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Innovations in Chemotherapy Preparation Safety: Use of Telepharmacy and Barcode Technology in the IV Admixture Area

Brian O’Neal, M.S., Pharm.D., John Worden, M.S., Pharm.D., Rick Couldry, M.S., R.Ph.


The University of Kansas Hospital, Kansas City, Kansas

Many academic medical center pharmacies—including the inpatient pharmacy at the University of Kansas Hospital—use the syringe pullback method for checking chemotherapy preparations. This method requires that a pharmacist check the plunger of an empty syringe to determine the volume of medication added to an admixture. The risk of error associated with this checking method is high, given that a pharmacist typically does not check the volume of the syringe prior to injection into the  intravenous solution bag.  To reduce the risks associated with the syringe pullback method, pharmacy administrators at the University of Kansas Hospital instituted the use of telepharmacy hardware and software to take digital photographs of the chemotherapy preparation process. These photographs, taken at critical risk points in chemotherapy preparation, are able to be reviewed remotely by pharmacists. Additional goals of the project were to improve the readability of chemotherapy-vial labels and to reduce the risk of selecting the wrong chemotherapeutic medication through the use of barcode technology.

Working with an automation vendor (ScriptPro; Mission, Kansas), pharmacy administrators placed a telepharmacy inspection camera designed to take digital pictures at various stages of the chemotherapy preparation process in a biological safety cabinet in the clean room.  First, a technician scans the barcode on the vial. He or she then takes photos of the work label, the vials and fluids to be used, and, lastly, the syringe (before injection into the bag). A pharmacist views these photos from a “check station” in the ante room when verifying the finished product.

After one month, this process demonstrated safety improvements in four main areas:

  • Verifying chemotherapy products with barcode technology helped to ensure that the correct drug was selected.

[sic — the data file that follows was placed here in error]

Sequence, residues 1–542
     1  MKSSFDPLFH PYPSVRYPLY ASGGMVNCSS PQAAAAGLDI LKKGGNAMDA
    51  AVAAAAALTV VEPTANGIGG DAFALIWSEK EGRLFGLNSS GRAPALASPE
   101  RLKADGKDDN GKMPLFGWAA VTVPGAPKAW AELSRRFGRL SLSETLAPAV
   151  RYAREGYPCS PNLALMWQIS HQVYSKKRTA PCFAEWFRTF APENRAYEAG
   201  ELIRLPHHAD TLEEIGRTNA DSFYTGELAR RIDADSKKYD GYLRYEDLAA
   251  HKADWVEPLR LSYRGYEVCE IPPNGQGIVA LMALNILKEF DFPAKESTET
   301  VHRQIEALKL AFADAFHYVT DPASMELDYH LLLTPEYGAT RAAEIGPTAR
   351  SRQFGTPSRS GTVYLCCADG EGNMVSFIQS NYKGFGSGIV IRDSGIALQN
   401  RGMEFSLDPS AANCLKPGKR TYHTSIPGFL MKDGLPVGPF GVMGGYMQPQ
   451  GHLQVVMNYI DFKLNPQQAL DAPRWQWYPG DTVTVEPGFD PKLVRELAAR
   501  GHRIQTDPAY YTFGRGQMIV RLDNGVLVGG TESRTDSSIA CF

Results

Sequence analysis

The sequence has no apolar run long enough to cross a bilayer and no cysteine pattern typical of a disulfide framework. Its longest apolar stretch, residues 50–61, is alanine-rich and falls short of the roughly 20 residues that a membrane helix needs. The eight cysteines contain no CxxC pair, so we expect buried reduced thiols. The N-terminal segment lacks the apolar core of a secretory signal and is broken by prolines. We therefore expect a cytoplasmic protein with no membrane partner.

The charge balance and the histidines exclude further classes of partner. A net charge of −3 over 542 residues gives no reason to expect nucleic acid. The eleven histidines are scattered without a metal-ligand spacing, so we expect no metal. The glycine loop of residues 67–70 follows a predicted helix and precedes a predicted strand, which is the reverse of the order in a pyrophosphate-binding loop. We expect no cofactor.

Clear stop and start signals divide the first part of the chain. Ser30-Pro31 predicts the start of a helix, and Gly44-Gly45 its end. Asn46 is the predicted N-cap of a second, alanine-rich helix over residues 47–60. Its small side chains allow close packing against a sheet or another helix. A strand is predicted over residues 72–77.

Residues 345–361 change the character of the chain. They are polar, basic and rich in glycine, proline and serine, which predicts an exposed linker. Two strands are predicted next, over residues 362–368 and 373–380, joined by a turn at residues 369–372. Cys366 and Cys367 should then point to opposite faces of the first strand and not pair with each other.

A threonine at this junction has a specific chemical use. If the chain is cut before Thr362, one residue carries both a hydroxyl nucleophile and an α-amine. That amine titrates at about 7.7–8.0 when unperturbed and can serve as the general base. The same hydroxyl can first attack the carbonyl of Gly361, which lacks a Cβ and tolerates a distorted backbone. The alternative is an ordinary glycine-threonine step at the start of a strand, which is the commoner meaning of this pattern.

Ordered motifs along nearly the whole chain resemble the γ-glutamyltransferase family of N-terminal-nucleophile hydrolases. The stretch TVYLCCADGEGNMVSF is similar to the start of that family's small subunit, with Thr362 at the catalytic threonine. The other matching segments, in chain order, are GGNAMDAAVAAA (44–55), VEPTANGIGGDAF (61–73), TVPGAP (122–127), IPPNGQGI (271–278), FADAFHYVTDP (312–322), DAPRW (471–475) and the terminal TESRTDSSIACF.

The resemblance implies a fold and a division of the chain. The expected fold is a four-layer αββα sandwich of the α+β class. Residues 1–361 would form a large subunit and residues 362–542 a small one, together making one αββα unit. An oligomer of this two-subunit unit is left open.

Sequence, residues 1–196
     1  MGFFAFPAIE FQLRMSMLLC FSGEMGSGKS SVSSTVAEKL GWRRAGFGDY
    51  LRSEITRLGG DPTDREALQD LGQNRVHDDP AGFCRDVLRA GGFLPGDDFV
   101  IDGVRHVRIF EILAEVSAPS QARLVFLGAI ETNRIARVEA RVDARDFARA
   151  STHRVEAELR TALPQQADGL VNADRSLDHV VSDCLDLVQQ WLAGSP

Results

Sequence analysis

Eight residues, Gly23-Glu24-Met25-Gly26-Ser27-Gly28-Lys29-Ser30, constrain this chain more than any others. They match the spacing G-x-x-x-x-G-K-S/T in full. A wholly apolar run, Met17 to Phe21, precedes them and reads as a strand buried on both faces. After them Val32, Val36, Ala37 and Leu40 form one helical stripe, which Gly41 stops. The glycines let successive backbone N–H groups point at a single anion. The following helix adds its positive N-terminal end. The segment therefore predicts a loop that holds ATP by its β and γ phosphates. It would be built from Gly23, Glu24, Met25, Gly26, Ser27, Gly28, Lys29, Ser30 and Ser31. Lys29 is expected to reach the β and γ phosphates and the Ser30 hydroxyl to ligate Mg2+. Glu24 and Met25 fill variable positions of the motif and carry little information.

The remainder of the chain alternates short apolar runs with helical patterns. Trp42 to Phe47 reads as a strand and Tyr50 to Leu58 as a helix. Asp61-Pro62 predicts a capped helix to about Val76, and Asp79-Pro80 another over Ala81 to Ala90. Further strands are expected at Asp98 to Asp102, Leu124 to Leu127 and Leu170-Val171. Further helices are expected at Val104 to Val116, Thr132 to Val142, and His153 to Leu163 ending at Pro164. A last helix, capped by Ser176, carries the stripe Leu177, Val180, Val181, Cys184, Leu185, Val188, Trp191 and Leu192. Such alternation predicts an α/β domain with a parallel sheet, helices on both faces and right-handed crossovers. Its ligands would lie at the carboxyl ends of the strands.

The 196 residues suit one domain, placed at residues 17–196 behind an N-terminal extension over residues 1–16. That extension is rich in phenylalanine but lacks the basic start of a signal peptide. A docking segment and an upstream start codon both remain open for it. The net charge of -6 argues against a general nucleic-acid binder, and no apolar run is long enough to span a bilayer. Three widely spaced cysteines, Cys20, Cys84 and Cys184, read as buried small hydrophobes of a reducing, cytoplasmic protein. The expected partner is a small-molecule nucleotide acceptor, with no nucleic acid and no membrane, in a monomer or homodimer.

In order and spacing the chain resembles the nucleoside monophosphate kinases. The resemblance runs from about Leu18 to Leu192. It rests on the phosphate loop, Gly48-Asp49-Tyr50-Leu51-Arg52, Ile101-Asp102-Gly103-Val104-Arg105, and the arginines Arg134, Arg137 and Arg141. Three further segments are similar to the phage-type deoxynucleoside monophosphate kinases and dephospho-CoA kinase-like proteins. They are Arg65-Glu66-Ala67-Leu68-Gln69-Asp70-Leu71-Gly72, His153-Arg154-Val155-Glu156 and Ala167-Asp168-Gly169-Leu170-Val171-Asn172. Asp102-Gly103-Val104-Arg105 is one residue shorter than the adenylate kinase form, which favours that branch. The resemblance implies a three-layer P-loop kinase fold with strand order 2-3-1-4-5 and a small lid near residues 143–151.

• Inspecting photographs of the syringe before it was injected into the bag of fluid increased the likelihood of detecting technicians’ errors.
  • Digitally enlarging the small font on chemotherapy vials helped pharmacists to accurately check the finished product.
  • Disposing contaminated syringes and vials in the chemo preparation area reduced the risk of contaminating other areas of the clean room.

This use of telepharmacy and barcode technology resulted in a pharmacist’s intervention in 1.1% of prepared doses (4 out of 363) during the data collection period (July 1 through July 31, 2007). An intervention was defined as a pharmacist’s request to increase volume, decrease volume, or to remake the product.   

The improvements in safety and accountability led us to discontinue use of the syringe pullback method for checking chemotherapy. Without interrupting workflow, a pharmacist can now observe the riskiest steps of chemotherapy preparation thus increasing the odds of detecting errors. Our compounding error rate is no longer unknown and unidentifiable. By documenting and reviewing more of the steps in the chemotherapy preparation process with telepharmacy and barcode technology, we have significantly increased our chances of catching errors before they leave the pharmacy.

View a pdf of the poster from the Midyear Meeting (508KB).